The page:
A Good Problem: Casper Will Have $24 Million In Unallocated One-Cent Sales Tax No. 14 Revenues
Casper will be receiving far more money than city council anticipated from the expiring Optional One-Cent Sales Tax No. 14.
By the end of March, that will amount to nearly $24 million, and city council members discussed how to use it during a council work session Tuesday.
"The projected revenues are well above what we thought they would be," Mayor Charlie Powell said after the three-and-a-half-hour work session.
"So we need to come up with a system that's open and fair that looks at the possible needs and what we might spend that money on," Powell said. "The sentiment tonight was that given some of the uncertainties of our revenue stream, that some of that money -- and a good portion of it -- ought to be set aside in the event that our revenues decline in the future so that we can meet our obligations and the things that people said they wanted us to do with optional one-cent 15."
Natrona County voters renewed the optional, or fifth-penny, sales tax, for a 15th time by a 71 percent majority in the November general election. Revenues are distributed based on populations in the municipalities and unincorporated areas of the county.
Much of the city's projected $68 million revenues from 2015 through 2018 have already been allocated with the lion's share going to capital improvements including street repair, water and sewer infrastructure, police, and swimming and recreation, according to the council's priorities set in August.
Historically, council has allocated 18 percent of any excess revenues to other agencies, which will amount to about $4 million over four years from the expiring optional one-cent No. 14.
That leaves about $20 million, and the council will be seeking public comment as to how to best use that, Powell said.
Some of the suggestions offered by council members include putting another $3 million into the perpetual care fund that would bring the total to $40 million. The goal of this fund is to use the interest on the principal to maintain previous one-cent-funded projects such as the Events Center.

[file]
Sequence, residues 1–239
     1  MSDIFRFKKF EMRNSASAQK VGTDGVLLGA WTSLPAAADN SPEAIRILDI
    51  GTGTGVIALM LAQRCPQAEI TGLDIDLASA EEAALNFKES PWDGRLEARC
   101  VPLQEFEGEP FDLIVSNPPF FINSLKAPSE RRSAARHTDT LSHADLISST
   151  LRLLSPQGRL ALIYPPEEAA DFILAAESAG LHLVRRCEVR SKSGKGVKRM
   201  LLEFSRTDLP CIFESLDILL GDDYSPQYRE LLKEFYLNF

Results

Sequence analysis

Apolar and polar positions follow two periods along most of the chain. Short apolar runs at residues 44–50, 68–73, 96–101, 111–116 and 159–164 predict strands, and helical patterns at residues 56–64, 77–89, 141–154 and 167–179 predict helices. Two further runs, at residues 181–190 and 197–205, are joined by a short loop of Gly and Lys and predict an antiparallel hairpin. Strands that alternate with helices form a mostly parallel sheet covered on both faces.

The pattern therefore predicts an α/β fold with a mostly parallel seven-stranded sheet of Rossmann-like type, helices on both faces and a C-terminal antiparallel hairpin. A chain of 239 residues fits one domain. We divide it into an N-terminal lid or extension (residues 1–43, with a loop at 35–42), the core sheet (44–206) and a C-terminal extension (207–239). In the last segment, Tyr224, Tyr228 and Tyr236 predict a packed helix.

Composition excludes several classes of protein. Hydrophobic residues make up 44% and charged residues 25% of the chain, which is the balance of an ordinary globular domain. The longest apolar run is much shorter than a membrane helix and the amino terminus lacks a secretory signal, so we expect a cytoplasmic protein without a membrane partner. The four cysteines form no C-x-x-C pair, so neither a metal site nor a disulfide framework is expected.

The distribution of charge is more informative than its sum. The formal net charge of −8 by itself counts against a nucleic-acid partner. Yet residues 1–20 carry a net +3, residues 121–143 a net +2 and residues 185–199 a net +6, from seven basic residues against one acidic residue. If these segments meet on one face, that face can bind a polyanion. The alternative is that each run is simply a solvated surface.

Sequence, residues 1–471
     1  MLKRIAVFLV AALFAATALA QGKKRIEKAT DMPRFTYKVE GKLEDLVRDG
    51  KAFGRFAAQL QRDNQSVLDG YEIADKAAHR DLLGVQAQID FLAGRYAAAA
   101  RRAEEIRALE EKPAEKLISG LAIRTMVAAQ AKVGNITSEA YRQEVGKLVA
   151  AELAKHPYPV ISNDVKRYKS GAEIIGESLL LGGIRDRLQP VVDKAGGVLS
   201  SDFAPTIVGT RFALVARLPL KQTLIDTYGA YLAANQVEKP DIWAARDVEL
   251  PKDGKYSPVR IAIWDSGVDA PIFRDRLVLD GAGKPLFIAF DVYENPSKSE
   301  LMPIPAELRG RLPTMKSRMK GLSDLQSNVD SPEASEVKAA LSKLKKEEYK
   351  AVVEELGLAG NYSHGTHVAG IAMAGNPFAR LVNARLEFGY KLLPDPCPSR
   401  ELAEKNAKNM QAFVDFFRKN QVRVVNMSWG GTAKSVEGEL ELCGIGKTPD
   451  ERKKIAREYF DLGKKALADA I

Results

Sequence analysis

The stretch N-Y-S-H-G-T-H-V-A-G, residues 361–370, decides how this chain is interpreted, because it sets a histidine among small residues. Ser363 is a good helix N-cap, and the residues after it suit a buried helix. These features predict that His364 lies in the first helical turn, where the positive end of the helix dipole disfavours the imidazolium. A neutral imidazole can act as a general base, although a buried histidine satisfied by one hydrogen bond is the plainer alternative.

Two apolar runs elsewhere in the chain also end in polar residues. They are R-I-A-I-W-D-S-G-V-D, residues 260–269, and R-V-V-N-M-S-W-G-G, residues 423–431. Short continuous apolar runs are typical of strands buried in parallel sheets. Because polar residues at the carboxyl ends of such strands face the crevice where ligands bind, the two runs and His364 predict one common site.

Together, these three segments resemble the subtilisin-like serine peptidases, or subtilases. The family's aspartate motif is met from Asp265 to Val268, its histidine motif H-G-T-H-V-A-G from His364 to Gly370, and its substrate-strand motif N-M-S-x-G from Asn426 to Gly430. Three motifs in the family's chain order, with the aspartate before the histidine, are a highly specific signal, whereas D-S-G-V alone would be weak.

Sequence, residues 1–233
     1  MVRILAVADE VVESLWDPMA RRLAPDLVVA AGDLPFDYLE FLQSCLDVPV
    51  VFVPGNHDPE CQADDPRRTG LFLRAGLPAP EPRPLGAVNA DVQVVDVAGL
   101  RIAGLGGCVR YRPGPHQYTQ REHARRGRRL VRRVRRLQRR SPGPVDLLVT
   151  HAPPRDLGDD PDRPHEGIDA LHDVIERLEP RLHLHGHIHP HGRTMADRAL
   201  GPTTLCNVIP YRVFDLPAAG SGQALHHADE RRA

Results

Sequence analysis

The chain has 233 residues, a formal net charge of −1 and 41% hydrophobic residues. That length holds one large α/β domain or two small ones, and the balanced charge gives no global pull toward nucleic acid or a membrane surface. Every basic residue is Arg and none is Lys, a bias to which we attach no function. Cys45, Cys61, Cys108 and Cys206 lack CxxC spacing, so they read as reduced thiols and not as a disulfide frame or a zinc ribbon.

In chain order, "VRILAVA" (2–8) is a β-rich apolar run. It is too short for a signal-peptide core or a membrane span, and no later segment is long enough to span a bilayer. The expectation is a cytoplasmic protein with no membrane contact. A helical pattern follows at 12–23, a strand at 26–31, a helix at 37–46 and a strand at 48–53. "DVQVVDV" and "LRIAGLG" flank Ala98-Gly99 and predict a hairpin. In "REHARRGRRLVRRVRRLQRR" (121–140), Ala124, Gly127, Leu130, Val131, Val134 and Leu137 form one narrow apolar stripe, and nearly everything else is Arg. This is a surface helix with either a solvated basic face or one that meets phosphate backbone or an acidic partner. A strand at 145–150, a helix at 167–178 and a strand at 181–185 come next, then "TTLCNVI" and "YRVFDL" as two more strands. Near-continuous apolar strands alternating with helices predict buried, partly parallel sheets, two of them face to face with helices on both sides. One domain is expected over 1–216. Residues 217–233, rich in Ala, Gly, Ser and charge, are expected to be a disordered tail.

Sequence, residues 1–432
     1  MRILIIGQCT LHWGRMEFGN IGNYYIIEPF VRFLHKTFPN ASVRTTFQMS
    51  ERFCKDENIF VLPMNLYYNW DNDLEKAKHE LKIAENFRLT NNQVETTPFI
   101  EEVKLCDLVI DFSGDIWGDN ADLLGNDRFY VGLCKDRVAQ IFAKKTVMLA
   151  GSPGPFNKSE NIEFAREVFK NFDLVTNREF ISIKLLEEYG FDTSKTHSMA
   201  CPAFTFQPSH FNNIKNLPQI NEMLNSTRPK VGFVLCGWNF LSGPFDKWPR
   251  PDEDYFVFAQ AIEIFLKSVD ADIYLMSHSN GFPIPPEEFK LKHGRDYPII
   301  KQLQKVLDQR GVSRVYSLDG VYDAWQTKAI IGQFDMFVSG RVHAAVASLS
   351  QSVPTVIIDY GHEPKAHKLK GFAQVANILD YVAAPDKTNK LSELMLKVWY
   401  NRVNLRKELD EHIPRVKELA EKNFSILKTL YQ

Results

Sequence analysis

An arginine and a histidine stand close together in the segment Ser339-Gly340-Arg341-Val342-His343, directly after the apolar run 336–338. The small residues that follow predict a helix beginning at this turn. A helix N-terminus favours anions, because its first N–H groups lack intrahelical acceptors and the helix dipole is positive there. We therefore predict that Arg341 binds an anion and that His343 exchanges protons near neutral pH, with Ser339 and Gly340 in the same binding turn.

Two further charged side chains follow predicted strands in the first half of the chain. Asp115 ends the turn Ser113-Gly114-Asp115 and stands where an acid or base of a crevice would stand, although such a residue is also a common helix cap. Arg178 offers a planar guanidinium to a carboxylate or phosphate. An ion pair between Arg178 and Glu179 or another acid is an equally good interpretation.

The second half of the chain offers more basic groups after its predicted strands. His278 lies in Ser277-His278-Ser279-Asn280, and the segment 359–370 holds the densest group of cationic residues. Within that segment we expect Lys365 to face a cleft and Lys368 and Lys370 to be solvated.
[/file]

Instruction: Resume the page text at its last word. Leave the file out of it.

There are some capital improvements in the city's general capital improvement plan that have yet to be funded, according to a Jan. 9 memo from City Manager John Patterson to the council.
One is a new lodge at the Hogadon Ski Area estimated to cost $6 million. One third of the existing lodge has been condemned as unsafe to occupy.
The other is a $500,000 storage building at the Casper Events Center.
Council vice president Daniel Sandoval said the lodge would be a tangible project that voters would want to see.
But councilman Craig Hedquist said council already balked at spending $250,000 for a maintenance building at Hogadon and wondered whether the public would support a $6 million lodge.
Councilman Shawn Johnson said it's time for the city to make a firm decision about Hogadon. "Do something with it or let it go."
Councilman Steve Cathey said the city would be wise to develop some drainage ditches along 15th Street where flooding occurs every few years.
Regarding other capital improvements, Powell added that the city's waste water treatment plant may be needing a major overhaul.
Cathey and Bob Hopkins also proposed setting aside $10 million in an "opportunity fund" that may be needed in light of the shocks to the oil industry which has seen the price tumble to $46 a barrel with direct impacts on Casper businesses.
The council doesn't need to make any decision until late February.
That will give council members time to talk to their constituents, as well as hear from the public, Hedquist said. "I don't think we'll lose anything to wait a month."